AN INTIMATE ACCOUNT OF NAMIBIA'S MOST ENIGMATIC TRIBE
I studied nature conservation in South Africa, and then went away for 13 years, but the vast landscapes, extraordinary wildlife and ancient cultures drew me back. So, in 2014, I found my way to a Himba community in Namibia’s Kunene region.
After a 10-hour bus trip from Windhoek, and another few hours in a car, I arrived at the regional capital Opuwo, a town of 15,000 people. I was stunned when I first saw a Himba woman. It was surreal to see a person wearing animal skins in a shopping mall. What followed was a month-long stay with the Himba along the Kunene River near Epupa Falls. This formed part of a long-term documentary project called “Wild Born” that focuses on tribal women from around the world.
While with the Himba, I encountered a fascinating world that is rich and complex. The communities I stayed with are predominantly female. Some had just six members, others more than a hundred women sharing their lives. The Himba are polygamous, so traditionally a woman would settle in her husband’s household where she would live with his other wives and extended family.
Himba children are raised with the support of other women
The men are often away tending cattle at outposts, where they might have another wife or partner, or may even go to towns to find work. As a result, many women stay permanently in their traditional villages, conducting their daily activities without the involvement of men. And many of them raise their children without fathers, but with the support of other women. It was the resulting strong sense of womanhood on which I focused my documentary work.
Most Himba ceremonies and rituals are directed at ancestral spirits who are thought to have supernatural powers. One of the most significant is that of the holy fire, called Oruzo, which burns continually in each village, and represents the link between the living and the ancestral spirits.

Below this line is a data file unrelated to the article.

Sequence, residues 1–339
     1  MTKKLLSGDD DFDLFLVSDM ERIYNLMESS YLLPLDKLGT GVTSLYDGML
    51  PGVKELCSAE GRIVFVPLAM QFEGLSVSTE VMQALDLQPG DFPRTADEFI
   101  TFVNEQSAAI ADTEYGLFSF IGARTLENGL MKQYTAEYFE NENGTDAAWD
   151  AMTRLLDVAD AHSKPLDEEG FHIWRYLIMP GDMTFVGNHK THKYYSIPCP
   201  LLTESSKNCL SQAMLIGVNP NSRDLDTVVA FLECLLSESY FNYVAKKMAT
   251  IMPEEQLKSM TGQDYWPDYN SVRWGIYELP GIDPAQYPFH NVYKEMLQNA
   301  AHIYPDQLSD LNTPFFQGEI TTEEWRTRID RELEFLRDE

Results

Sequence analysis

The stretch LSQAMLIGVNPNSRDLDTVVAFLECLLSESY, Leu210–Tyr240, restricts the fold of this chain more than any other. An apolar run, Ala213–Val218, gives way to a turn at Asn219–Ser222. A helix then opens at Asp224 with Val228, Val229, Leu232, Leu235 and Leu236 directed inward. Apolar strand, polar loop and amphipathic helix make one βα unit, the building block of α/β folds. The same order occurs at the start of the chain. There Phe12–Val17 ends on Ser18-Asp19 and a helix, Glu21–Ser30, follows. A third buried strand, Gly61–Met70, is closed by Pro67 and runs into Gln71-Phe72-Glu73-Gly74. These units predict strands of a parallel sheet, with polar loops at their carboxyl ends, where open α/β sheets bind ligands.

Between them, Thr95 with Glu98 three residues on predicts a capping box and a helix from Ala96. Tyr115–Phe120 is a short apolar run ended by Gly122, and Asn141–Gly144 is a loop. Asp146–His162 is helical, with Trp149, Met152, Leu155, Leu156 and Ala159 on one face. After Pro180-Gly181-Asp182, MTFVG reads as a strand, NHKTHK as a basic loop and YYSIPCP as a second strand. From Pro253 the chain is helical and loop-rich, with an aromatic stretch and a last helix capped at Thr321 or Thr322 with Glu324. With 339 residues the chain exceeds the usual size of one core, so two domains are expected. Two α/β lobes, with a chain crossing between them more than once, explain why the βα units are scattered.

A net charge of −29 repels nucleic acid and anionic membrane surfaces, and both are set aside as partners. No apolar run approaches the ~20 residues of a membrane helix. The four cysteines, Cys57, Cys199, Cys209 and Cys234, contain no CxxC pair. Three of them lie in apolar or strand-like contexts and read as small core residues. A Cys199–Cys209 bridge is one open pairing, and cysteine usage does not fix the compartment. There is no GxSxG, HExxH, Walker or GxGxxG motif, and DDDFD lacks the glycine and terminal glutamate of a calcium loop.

On reaching puberty, a girl leaves the village until she is initiated into womanhood
I witnessed several social rituals, including a girl’s initiation. On reaching puberty, she must leave the village until she has been ritually brought into her new social standing. Supported by the women in the group, she is taken to a special enclosure where she is spiritually protected during her first menstruation. She is given many gifts at this time, and ultimately, once she is presented to the spirits, her change in status is official, and a traditional leather crown is mounted upon her head as a symbol that she is marriageable.
The Himba arrange their hair in very special ways. Girls have two primary braids that face forward, but when they reach adulthood, the braids are swept back and transformed into the familiar long, red plaits that are covered with Otjize, a mixture of butterfat and ochre. This is also regularly rubbed into the skin because the Himba seldom wash with water, which is scarce in this arid region. The mixture serves to protect and clean the skin and is an attractive adornment giving the Himba their distinctive ochre colour. Himba women and girls also like to perfume themselves in a morning ritual. They collect aromatic tree roots, which they mix with herbs, crushing them together using a hot stone, and then burning them to create heavily perfumed smoke. They sit very close to the fire, covering themselves with a blanket to absorb the scent.